Re: Ch. 3: The Making of Prosperity and Poverty
THE MAKING OF PROSPERITY AND POVERTY
"How prosperity and poverty are determined by the incentives created by institutions, and how politics determines what institutions a nation has"
This chapter begins with a comparison between North and South Korea to explain how their economic fortunes diverged sharply due to institutional differences:
in the South, economic institutions encouraged investment and trade. South Korean politicians invested in education, achieving high rates of literacy and schooling. South Korean companies were quick to take advantage of the relatively educated population, the policies encouraging investment and industrialization, exports, and the transfer of technology. South Korea quickly became one of East Asia’s “Miracle Economies,” one of the most rapidly growing nations in the world.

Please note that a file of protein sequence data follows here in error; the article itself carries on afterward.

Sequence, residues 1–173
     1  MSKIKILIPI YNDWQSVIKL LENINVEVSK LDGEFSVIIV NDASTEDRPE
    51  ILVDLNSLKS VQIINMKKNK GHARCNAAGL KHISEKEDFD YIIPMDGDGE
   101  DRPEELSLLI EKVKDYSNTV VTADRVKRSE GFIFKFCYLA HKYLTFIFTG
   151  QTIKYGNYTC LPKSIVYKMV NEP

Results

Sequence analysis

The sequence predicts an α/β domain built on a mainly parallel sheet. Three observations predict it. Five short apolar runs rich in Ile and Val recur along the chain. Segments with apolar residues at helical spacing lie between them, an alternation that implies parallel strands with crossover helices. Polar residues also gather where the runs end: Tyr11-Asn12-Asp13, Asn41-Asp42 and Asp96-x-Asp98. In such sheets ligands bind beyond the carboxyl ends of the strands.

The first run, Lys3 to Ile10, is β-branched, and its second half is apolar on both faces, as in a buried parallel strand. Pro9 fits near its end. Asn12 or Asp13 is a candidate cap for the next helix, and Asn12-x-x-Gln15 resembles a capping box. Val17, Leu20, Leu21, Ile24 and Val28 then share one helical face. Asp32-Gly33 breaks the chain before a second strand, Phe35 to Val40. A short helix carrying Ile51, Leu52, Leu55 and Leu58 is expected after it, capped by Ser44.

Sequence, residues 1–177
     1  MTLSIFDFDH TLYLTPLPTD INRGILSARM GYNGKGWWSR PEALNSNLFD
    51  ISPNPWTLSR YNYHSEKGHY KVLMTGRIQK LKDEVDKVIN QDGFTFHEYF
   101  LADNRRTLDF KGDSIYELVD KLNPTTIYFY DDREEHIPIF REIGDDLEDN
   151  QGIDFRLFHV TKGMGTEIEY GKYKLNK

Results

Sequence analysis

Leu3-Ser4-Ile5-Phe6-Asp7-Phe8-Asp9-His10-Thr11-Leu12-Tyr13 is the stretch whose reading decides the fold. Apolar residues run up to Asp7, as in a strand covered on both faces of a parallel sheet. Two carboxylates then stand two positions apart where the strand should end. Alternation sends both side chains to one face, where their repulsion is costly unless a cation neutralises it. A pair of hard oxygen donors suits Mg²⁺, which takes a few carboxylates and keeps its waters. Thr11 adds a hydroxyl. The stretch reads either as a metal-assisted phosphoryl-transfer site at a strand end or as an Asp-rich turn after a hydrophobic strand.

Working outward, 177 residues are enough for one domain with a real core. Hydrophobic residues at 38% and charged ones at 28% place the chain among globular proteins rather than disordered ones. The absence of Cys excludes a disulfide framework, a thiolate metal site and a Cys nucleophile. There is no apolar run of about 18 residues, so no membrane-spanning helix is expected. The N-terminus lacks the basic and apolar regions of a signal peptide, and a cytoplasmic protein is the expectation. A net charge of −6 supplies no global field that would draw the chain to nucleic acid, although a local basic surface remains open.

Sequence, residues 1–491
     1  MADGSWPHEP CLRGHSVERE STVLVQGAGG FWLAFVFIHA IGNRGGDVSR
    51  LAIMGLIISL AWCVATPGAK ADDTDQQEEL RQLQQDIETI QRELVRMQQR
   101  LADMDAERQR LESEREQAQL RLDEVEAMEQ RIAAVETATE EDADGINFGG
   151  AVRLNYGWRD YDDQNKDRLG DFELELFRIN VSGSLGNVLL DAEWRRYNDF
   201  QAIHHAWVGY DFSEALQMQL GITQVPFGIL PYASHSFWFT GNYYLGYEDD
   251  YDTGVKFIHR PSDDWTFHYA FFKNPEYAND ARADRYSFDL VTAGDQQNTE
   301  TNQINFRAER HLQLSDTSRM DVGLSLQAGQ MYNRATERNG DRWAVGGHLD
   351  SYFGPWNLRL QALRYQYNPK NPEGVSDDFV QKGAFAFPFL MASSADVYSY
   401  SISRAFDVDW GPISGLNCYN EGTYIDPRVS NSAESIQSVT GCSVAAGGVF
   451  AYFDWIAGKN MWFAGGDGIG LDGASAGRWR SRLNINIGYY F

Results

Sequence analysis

By the late 1990s, in just about half a century, South Korean growth and North Korean stagnation led to a tenfold gap between the two halves of this once-united country— imagine what a difference a couple of centuries could make. The economic disaster of North Korea, which led to the starvation of millions, when placed against the South Korean economic success, is striking: neither culture nor geography nor ignorance can explain the divergent paths of North and South Korea. We have to look at institutions for an answer.